It's kinda amusing to read notes from Virtual Goods conference transcripts (via Scoble). When I was researching (ahem) World of Warcraft, I spent a lot of time at the Auction House trading to get a first-hand understanding of forces at work. I started trading common goods then uncommon goods, eventually trading rare and epic goods exclusively and cornering markets, dealing with server population age shift, taking advantage of migration surges, and riding the supply and demand cycle. I got so good at it and made so much gold that I started giving gold away to guild (We Know) mates, buying their mounts, paying for materials to help them build skills my guild needed and finally for MC outtings supplies. After I quit, my son was shocked that I erased all that gold off WoW's spinning disk plates. Unearned gold spoils the experience.
To do well at AH, one has to understand the in-game economy and player psychology intimately. But, apparently, participants of the Virtual Goods conference haven't invested much time into understanding the forces at work inside the virtual worlds, instead opting to project their understanding of Web 2.0 economy into close yet vastly different in-game environment.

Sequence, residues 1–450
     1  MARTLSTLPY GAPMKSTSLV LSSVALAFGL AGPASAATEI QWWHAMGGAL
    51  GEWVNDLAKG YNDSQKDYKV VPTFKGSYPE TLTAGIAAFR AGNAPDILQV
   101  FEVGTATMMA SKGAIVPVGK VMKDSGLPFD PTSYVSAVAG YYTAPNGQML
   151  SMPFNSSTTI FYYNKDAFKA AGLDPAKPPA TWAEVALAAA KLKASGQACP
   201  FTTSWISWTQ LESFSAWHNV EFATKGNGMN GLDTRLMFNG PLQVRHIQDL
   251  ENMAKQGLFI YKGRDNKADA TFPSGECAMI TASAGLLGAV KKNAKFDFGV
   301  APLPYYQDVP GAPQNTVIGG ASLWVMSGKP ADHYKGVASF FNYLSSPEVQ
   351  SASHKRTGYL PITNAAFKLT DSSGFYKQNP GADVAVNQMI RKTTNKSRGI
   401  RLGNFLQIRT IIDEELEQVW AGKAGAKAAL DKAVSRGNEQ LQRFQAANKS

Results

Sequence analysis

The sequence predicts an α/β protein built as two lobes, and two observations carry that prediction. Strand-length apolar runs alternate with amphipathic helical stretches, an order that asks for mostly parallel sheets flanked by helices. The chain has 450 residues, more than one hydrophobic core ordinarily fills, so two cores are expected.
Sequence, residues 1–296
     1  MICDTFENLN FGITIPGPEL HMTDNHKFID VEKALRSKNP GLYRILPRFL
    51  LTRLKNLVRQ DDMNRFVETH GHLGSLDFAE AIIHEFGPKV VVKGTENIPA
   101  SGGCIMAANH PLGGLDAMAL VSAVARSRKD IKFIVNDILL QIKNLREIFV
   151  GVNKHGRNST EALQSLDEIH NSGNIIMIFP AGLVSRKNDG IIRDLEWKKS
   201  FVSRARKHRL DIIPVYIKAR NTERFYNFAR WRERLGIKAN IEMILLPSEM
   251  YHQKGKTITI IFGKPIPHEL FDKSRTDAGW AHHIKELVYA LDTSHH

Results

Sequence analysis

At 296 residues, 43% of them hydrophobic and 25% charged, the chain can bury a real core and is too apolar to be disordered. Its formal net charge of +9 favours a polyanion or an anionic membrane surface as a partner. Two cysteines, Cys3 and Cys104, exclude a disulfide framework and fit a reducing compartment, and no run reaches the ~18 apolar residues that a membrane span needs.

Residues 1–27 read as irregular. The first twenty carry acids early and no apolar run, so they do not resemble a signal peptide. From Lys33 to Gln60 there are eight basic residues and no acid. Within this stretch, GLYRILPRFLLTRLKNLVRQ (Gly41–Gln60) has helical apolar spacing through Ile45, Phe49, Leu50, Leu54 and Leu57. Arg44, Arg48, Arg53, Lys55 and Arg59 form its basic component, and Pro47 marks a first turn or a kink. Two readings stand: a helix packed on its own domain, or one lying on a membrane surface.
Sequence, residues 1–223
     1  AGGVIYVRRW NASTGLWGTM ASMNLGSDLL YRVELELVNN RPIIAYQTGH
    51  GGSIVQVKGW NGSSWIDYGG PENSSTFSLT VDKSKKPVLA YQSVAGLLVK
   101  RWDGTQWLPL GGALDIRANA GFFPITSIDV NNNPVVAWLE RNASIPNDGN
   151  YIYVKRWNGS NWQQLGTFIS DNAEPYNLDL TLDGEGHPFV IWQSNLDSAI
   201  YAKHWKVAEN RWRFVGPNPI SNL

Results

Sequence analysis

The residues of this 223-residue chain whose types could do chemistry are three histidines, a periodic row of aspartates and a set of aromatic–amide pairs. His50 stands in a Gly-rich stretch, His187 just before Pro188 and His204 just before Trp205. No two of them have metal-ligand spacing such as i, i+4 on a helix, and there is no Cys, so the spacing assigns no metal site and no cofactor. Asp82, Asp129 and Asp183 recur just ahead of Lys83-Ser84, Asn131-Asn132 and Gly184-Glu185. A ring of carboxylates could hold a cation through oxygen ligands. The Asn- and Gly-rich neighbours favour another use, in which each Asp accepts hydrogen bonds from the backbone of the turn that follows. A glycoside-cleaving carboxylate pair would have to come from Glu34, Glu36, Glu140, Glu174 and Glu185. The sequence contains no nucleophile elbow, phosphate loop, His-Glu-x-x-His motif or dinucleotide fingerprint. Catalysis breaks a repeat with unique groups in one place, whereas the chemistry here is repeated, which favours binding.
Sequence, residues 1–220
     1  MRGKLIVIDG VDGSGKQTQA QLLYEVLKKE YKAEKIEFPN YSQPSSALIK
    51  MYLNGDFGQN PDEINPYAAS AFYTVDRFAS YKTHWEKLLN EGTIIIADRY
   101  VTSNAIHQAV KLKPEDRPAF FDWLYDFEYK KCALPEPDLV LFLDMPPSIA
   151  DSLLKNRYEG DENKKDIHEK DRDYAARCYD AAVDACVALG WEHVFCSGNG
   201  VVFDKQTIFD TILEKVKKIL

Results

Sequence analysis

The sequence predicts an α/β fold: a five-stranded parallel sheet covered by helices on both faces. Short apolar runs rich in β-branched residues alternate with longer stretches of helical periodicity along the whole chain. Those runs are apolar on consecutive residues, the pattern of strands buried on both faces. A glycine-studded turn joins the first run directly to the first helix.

WoW golds are not roses or virtual furnitures. They are more real because the needs are more real. Virtual goods they are talking about are words and desires expressed visually. In-game goods are more about tools, needs, respects, fashion, and…time. I have a lot more to say but, for now, I will say this:
It's like marriage, you have to live it to know it.
BTW, I think WoW has peaked and tiring fast. It'll take years to die though with so many people onboard.